14. An automatic retractable safety penetrating instrument as recited in claim 13 wherein said projection means includes four projections disposed at 90 spaced locations longitudinally aligned with said protrusions, said rib means includes four ribs disposed at 90 spaced locations angularly offset from said projections and said cam means includes four cams disposed at 90 spaced locations for being longitudinally aligned with said ribs in the retracted and operative positions and with said projections in the extended position.
15. An automatic retractable safety penetrating instrument as recited in claim 13 wherein said first, second and third angular increments are each 30.
16. An automatic retractable safety penetrating instrument as recited in claim 7 wherein said proximal biasing means includes means for rotating said locking and releasing means automatically upon said sleeve distal end entering the body cavity.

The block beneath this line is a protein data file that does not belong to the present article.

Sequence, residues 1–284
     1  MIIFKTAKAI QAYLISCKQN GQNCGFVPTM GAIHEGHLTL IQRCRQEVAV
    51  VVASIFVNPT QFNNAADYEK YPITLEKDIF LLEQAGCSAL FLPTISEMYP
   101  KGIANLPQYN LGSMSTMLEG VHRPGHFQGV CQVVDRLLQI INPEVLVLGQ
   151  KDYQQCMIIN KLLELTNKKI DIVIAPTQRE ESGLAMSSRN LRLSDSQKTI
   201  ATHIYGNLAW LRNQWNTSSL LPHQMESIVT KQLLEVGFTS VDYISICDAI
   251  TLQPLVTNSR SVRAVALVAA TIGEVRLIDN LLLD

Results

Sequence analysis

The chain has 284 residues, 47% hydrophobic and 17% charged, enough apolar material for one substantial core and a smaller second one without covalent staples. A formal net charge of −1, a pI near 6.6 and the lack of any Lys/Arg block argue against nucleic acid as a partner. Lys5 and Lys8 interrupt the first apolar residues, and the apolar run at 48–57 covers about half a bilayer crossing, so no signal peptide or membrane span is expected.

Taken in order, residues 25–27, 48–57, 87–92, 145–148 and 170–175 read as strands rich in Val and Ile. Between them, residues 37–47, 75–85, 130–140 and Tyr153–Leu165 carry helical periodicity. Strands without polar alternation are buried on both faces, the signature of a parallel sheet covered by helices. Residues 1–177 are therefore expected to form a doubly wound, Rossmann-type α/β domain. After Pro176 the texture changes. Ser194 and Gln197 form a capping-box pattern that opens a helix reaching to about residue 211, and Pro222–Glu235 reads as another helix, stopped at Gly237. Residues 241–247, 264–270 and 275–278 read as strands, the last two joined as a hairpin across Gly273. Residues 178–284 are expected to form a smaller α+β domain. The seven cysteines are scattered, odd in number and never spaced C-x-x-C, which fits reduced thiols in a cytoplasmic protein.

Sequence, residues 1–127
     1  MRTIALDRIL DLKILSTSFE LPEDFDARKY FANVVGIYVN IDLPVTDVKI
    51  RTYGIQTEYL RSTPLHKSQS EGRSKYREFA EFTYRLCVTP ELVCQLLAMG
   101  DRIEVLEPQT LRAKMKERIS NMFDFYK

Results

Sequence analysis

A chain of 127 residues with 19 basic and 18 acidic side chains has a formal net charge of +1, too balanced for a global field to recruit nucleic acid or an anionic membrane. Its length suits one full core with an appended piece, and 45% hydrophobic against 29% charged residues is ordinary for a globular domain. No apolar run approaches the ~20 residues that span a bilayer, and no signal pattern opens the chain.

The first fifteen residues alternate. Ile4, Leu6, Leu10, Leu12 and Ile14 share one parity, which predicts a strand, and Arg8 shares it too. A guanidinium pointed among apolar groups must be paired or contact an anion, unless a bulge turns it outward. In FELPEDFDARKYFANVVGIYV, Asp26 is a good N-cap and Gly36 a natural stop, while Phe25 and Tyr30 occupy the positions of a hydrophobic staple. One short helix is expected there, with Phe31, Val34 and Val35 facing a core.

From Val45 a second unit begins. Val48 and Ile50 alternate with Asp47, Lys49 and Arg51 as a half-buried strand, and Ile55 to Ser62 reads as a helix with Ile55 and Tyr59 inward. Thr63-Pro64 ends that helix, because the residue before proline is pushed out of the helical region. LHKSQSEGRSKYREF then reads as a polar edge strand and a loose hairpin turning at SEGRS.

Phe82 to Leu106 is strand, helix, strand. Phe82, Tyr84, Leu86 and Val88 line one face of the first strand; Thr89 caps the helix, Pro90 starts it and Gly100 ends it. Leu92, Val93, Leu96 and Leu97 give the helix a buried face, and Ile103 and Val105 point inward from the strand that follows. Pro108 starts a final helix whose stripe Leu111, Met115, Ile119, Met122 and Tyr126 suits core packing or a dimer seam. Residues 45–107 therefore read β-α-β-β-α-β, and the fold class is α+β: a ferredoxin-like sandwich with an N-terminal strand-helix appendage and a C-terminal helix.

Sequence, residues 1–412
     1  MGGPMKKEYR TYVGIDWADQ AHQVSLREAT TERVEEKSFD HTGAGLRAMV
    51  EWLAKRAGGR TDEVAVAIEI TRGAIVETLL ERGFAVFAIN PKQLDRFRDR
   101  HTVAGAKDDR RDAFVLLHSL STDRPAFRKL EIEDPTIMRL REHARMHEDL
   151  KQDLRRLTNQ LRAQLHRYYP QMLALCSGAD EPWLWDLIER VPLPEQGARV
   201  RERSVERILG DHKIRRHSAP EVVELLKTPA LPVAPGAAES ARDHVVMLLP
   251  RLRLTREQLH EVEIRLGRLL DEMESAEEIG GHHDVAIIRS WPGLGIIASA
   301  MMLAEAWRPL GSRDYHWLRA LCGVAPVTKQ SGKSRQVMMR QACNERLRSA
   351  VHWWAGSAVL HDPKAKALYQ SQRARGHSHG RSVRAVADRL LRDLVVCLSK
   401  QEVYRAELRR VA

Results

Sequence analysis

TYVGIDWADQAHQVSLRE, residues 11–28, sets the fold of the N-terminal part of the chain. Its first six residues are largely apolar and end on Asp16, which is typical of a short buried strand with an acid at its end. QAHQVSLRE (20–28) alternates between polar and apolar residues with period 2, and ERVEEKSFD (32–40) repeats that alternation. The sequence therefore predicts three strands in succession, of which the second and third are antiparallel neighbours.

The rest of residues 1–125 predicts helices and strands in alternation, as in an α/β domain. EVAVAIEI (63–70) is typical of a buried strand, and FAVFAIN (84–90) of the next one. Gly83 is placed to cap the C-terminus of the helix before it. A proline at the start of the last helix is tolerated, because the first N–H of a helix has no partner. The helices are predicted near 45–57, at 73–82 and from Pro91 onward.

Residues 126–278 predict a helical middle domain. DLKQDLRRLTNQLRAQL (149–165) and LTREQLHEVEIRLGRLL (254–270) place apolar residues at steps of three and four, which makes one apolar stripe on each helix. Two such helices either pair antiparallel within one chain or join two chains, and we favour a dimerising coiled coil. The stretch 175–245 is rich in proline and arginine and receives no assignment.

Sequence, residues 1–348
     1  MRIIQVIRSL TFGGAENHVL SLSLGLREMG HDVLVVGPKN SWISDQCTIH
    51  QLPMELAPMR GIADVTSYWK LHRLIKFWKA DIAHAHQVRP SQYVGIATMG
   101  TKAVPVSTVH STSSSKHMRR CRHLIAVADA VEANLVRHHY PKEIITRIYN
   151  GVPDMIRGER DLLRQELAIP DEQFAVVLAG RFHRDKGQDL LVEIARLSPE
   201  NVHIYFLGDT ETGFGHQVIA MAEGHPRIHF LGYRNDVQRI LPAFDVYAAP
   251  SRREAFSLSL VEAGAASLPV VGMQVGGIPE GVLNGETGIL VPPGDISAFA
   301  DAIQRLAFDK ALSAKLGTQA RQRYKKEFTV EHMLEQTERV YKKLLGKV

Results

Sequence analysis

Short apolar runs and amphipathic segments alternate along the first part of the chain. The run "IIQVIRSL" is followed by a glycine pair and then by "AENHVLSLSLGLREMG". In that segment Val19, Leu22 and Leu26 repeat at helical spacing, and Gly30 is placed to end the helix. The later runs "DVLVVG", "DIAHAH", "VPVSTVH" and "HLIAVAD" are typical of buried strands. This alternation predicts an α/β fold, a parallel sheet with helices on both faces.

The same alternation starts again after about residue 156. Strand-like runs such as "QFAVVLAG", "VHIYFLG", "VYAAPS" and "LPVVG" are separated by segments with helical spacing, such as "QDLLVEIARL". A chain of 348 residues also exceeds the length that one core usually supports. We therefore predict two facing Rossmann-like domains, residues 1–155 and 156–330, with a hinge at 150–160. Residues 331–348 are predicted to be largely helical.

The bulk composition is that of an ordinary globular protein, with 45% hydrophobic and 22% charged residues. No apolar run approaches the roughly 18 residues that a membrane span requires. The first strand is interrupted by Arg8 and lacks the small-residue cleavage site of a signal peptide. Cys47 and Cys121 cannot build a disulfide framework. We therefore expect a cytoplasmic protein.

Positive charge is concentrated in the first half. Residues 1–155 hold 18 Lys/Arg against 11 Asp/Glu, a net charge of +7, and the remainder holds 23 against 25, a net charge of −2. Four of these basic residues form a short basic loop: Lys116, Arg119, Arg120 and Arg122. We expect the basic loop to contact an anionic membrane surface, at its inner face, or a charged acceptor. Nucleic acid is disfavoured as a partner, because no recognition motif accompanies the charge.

17. An automatic retractable safety penetrating instrument as recited in claim 16 wherein said proximal biasing means and said rotating means include a single spring mounted in torsion between said retracting member and said locking and releasing means.
18. An automatic retractable safety penetrating instrument as recited in claim 17 wherein said locking and releasing means includes means for preventing axial rotation of said locking and releasing means in the extended and operative positions.
19. An automatic retractable safety penetrating instrument as recited in claim 18 wherein said locking and releasing means includes a shaft disposed in said penetrating member and said rotation preventing means includes a nub on said shaft and a slot in said penetrating member for engaging said nub.